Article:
Prosecution in dramatic bid to ban Hells Angels
8 November 2006, AMSTERDAM — The Dutch public prosecution is moving to ban the motorcycle club Hells Angels.
8 November 2006
AMSTERDAM — The Dutch public prosecution is moving to ban the motorcycle club Hells Angels.
The prosecution has filed petitions with six courts requesting the dismantling of all seven Hells Angels chapters.
The chapters are accused of forgery, handling stolen property, embezzlement and attempted fraud.
The prosecution will bring civil proceedings against the Hell's Angels, claiming it is the first time the judiciary has attempted to ban the club in a country.
Requests to ban the organisation were lodged with the Amsterdam, Rotterdam, Haarlem, Maastricht, Leeuwarden and Zwolle courts.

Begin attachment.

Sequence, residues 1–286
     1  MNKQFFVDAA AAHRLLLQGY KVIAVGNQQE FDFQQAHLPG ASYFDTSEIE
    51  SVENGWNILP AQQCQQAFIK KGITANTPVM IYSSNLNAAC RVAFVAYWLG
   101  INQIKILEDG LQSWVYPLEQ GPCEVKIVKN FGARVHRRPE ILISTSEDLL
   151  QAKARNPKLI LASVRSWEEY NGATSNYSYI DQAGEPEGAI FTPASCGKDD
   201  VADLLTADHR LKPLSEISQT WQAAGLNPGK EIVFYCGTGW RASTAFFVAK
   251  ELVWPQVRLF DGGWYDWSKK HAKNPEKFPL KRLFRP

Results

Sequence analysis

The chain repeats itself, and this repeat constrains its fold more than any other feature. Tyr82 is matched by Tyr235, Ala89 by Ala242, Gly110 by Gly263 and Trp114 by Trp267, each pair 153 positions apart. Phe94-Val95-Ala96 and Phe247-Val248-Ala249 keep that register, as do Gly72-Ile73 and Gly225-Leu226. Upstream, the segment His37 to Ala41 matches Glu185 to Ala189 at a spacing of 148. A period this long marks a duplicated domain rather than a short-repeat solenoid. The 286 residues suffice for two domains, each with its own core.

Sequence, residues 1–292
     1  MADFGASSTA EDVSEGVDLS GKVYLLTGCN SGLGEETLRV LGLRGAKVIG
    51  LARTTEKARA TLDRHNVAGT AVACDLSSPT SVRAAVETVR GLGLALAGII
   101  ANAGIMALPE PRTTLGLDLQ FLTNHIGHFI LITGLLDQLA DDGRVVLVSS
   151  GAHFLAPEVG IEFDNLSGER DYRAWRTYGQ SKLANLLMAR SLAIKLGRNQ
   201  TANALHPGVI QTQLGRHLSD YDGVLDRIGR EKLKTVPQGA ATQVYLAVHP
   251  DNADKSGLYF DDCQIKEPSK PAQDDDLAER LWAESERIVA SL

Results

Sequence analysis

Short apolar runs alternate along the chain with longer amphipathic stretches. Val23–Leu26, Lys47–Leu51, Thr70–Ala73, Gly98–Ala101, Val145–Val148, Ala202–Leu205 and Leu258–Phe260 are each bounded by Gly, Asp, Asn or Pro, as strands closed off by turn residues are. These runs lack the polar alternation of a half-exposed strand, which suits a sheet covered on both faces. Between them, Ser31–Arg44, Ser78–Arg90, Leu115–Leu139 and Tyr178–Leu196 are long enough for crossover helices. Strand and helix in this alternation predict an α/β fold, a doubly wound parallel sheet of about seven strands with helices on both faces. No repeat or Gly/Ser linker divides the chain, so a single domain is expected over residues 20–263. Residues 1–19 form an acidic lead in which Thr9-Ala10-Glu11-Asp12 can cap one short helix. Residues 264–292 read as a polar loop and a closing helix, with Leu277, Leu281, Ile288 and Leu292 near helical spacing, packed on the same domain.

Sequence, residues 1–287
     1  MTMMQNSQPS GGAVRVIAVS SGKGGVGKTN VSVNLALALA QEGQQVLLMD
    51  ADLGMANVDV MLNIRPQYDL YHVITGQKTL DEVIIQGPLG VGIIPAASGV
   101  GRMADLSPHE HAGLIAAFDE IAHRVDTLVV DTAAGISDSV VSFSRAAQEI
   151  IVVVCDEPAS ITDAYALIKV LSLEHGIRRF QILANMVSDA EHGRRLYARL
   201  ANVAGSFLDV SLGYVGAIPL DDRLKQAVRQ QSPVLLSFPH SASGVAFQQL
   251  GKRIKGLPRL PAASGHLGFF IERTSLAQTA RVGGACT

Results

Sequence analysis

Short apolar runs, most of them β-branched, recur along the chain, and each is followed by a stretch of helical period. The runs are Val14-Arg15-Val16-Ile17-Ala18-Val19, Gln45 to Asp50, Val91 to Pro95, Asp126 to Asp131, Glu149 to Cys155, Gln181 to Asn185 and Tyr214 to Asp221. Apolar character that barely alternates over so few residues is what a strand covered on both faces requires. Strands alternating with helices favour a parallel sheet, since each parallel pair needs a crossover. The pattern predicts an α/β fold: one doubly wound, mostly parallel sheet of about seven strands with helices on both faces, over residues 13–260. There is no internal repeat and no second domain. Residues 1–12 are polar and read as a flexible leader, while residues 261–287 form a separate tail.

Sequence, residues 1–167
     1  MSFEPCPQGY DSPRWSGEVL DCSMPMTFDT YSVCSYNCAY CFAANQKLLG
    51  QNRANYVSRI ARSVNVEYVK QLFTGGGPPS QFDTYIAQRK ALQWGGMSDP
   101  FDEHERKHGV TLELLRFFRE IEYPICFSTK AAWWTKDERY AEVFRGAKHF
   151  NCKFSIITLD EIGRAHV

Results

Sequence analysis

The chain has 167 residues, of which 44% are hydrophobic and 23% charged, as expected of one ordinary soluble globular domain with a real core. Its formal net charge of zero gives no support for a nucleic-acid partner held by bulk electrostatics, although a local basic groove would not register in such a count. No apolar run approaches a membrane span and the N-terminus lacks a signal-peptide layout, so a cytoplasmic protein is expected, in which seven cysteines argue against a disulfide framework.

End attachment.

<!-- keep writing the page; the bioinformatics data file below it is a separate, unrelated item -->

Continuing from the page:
The prosecution — known as OM in Dutch — said the Hells Angels were "undesirable" in society.
But a spokesman for the Amsterdam chapter, lawyer Vincent Kraal, said the prosecution had little chance of getting the entire organisation banned.
However, if the prosecution succeeds, the case could have international ramifications.
Dutch police raided 45 locations as part of a long-running investigation into the Hells Angels last year.
Some 22 Hells Angels members will go on trial after the 2007 summer on charges of murder, theft, threatening behaviour, blackmail and possession of drugs and weapons.
None of the suspects are being held on remand.
[Copyright Expatica News 2006]
Subject: Dutch news